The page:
The head of Bertelsmann’s e-commerce arm became the latest victim of the German media giant’s restructuring on Wednesday when the group announced a major shake-up of its music distribution interests.
Bertelsmann said Andreas Schmidt was leaving the company as the German-based group unveiled plans to fold its e-commerce arm into BeMusic, a new unit that will house its record club, music retailer and other music distribution businesses.
Guetersloh, Germany-based Bertelsmann is sprucing up its sprawling media empire ahead of an expected stock market flotation in the next two to three years, and has been reviewing its business for possible cost-saving opportunities.
Bertelsmann, whose interests span publishing, television and music, has already made major cuts at its music arm BMG, including 1,100 jobs, and the group is also looking to restructure its multimedia interests.
Schmidt, a former CEO of AOL Europe, was key in forging a strategic alliance with controversial song-swap site Napster last year to capitalize on its huge following as part of Bertelsmann’s effort to build an online presence.
However, the alliance has so far failed to result in a new music service despite hefty investment on Bertelsmann’s part, and insiders say Schmidt clashed with a number of key managers.
Bertelsmann said in a statement Schmidt had left to pursue “new entrepreneurial opportunities outside Bertelsmann.”
“He has played a major role in making Bertelsmann the internationally leading enterprise in digital music distribution today,” said Klaus Eierhoff, CEO of Bertelsmann’s DirectGroup division.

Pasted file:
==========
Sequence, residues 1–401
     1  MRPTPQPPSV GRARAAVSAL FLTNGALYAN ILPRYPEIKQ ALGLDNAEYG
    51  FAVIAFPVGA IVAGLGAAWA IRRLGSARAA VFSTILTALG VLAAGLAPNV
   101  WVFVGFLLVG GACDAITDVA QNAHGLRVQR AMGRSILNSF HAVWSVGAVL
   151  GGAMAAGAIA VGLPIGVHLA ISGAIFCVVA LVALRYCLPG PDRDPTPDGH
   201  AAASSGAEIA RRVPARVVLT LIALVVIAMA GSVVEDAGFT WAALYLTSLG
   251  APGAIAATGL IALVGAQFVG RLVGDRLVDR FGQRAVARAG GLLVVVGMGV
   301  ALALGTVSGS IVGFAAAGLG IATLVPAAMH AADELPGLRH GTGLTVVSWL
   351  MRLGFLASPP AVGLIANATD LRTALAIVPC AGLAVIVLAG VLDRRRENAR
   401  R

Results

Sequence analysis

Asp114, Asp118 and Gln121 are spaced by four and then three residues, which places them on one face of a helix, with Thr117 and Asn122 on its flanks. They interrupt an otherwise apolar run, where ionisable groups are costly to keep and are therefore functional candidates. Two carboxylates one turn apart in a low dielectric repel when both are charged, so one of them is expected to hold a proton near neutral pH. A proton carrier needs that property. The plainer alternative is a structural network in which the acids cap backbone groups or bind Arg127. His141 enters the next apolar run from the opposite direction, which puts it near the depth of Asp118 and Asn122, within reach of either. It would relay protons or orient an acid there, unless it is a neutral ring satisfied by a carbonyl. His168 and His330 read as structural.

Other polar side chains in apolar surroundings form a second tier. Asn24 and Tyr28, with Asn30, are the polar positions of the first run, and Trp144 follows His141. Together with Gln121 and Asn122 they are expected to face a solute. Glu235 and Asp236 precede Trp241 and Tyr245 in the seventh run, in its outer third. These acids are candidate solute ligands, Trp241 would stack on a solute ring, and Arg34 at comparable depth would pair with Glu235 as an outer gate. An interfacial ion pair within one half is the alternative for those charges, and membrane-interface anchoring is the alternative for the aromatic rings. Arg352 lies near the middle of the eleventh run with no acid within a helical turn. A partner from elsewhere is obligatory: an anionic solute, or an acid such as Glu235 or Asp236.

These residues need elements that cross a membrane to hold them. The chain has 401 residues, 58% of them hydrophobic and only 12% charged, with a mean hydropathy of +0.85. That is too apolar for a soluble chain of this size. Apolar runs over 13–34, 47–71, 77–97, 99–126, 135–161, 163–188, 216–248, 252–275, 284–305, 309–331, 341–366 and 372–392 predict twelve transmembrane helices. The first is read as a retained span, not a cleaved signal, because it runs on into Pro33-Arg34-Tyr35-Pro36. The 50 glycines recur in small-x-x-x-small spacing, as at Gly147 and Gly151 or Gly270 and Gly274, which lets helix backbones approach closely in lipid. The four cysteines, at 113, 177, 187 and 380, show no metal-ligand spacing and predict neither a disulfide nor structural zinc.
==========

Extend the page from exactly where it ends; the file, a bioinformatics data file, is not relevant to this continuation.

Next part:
Headquartered in New York, BeMusic will fall under the DirectGroup division and will be headed by Stuart Goldfarb, previously CEO of Bertelsmann’s BOL International.
Bertelsmann said its strategic alliance with song swap service Napster would not be included in BeMusic and will continue to fall under the direct management of DirectGroup.
BeMusic will include BMG Music Service, which says it is the world’s largest record club, CDNOW, a leading online music retailer, and digital music locker service myplay.
The business unit will be responsible for Bertelsmann’s online and offline music distribution in the United States.
Aside from music distribution, Bertelsmann’s reorganization efforts have also included integrating its online bookstore BOL into its book club business and moving its stake in Internet agency Pixelpark into its media services unit Arvato.
Bertelsmann vies with France’s Vivendi Universal for the number one spot on the European media landscape, with revenues of around $17.76 billion.
But the group, which employs around 82,000 people, has suffered from lower margins than rivals as private ownership shielded it from the scrutiny of financial markets.